10 Jul 2012

VisitScotland Social Media - Yup They Get It!

WARNING - This is a rant and if I was Irish I'd be saying 'fecking' quite frequently. (So please feel free to fill them in where you think appropriate!) 

This article first appeared on the TourismMatters blog on 2nd July 2012.

One paragraph of background first.

It is hard to quantify what the public bodies have spent on VisitScotland.com since they embarked on their "new" digital strategy ten years ago but it could be well in excess of £30 million all in when you take all the externals, buy outs, redesigns, restructurings, pay offs, legal bills, salaries, consultants, EC meetings; they will maybe contest the detail but you get the picture.
It's been a shed load of investment. The current campaign for Brave which is by VisitScotland's own hyperbole the next big thing for Scottish Tourism has had £7 million earmarked on it. We heard maybe more.

Scene set?

The UK/European launch of Brave took place in Edinburgh on Saturday with a host of stars and politicians and media - and remember that £7 million that VisitScotland have invested in joint marketing and the recent all singing all dancing launch of the new VisitScotland digital strategy - and here's how it is represented online with VisitScotland. First Facebook:

Yup that's right folks, we're with you all the way on this new fangled social media stuff and we'll tell you about on Monday when we get back into the office. We understand the immediacy of social media and we recognise that we can get access to pictures that others can't and we'll tell you about it on Monday. We also recognise that our Chairman and First Minister have fronted a publicly funded £7 million campaign and we'll try and get it online for you but it may be after morning coffee as there's a lot to talk about first.

Seven or eight posts on their Twitter account and not a word on Facebook? (Not even a Facebook post to say why don't you follow us at the event on Twitter. Too obvious?) Too much bother having to write real sentences or something? No blogs. No website feature pages. Nothing on the industry website. Nothing on LinkedIn.

SEVEN MILLION QUID - the difference is in the detail. How often have we heard it's the little things that we do that differentiate us from the competition. There was a whole tourism strategy launched last week based on such differences.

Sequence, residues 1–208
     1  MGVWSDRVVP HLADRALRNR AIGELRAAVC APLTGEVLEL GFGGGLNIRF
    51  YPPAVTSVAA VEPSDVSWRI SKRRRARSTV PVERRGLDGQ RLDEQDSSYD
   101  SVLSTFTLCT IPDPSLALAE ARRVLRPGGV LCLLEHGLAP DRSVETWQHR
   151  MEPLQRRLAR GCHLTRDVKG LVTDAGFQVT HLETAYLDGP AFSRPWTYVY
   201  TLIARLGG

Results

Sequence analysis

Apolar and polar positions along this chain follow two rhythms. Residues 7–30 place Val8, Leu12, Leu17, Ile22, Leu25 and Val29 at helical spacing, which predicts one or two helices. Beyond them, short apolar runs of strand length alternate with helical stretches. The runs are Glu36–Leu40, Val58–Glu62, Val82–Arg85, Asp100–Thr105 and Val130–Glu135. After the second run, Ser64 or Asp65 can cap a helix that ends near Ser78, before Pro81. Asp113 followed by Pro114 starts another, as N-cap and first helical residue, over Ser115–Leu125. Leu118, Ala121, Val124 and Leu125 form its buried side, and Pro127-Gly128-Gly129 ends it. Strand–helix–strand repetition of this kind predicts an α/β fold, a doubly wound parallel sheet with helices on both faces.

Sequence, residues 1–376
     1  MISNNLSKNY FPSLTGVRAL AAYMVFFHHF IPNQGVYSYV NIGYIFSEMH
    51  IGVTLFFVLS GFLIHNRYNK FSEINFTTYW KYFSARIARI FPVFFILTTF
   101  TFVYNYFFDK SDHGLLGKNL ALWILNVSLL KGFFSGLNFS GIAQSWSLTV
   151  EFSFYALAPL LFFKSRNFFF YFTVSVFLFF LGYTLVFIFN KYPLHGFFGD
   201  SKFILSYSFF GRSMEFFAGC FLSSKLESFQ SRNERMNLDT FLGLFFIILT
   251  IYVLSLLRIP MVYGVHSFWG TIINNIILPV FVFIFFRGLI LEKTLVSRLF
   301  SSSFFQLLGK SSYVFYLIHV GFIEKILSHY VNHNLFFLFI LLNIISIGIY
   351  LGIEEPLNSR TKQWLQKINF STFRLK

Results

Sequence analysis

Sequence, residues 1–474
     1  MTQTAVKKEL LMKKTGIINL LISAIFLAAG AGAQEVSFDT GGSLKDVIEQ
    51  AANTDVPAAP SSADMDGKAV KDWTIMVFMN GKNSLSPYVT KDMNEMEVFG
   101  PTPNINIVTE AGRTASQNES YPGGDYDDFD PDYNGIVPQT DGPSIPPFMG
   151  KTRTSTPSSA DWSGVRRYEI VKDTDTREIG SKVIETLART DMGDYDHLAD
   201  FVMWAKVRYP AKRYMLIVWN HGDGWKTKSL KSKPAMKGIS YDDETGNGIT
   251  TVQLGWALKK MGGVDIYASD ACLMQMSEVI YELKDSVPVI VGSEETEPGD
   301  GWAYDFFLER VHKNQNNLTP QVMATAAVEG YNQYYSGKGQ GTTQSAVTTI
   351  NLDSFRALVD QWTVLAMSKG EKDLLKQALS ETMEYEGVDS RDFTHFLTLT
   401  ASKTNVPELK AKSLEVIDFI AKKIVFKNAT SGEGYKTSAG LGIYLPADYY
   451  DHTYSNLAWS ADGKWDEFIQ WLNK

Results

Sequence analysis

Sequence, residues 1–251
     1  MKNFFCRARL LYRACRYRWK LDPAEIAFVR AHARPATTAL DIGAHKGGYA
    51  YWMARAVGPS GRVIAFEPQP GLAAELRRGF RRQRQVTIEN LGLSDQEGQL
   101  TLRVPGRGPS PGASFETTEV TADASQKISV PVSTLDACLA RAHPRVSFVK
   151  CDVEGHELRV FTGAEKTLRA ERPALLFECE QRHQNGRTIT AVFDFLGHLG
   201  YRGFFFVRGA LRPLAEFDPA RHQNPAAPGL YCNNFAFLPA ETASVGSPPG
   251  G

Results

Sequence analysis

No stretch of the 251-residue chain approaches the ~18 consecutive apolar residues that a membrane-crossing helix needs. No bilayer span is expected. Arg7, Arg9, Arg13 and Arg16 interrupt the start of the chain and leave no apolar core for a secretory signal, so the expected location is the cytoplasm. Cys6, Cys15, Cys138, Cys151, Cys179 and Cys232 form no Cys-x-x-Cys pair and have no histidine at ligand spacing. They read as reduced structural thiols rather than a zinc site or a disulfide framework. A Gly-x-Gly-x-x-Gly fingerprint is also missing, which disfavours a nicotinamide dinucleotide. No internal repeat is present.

Now anyone who has read any of our posts knows we do not believe that Social Media is anything but a small part of a hospitality business' distribution strategy but with the resources that VisitScotland have to hand you'd think they could at least make a bloody effort.

Does it really matter?

We don't have the clout or distribution and it may be that it will just be written off as another insignificant moan at VisitScotland.com but perhaps it should be seen as a clear indication of an organsiation claiming one thing but clearly not getting it. They wouldn't be the first Scottish institution that needed closer examination. Is it a further reflection of a disjointed digital strategy that has no real understanding of what online destination marketing should be about and reinforces once again that they should just leave this to the private sector to deal with.

Stop playing at being a poor man's search engine; stop trying to sell things online that you have no authentic experience of; stop spending millions of public money on things that others are already doing a lot better.

For a decade, VisitScotland, and the succesive governments funding them, have played at it with millions of taxpayers money with no fear of being held to account for more than a decade of failing to get any of it right.

The blog hasn't had an update since 18th of June and this is with the new online marketing strategy in place? The booking engine doesn't work properly, comments we have is that their extranet is more complicated than the one they've just upgraded from; the website is dark and underwhelming and they are in the process of having to contract another third party for the provision of a "channel manager" to handle online reservations. It always was and always will be beyond the public sector to drive an online marketing strategy from the top down.

No-one held account for failure, or the U turns, or the increasing costs, or the missed deadlines and failed deliveries. Now it may not be the scale of Barclays or the RBS or the trams or but you know what - it is all cut from the same cloth. A lack of corporate responsibility and accountability.

Plus ca change...

You know posting about a Monday to Friday social media presence may seem a small thing but I'm not sure that there is anything that reflects more clearly on a complete lack of understanding of the media and spotlights the whole fragmented strategy than something so simple.

However does anyone in Scotland actually give a feck?

Article Source: TourismMatters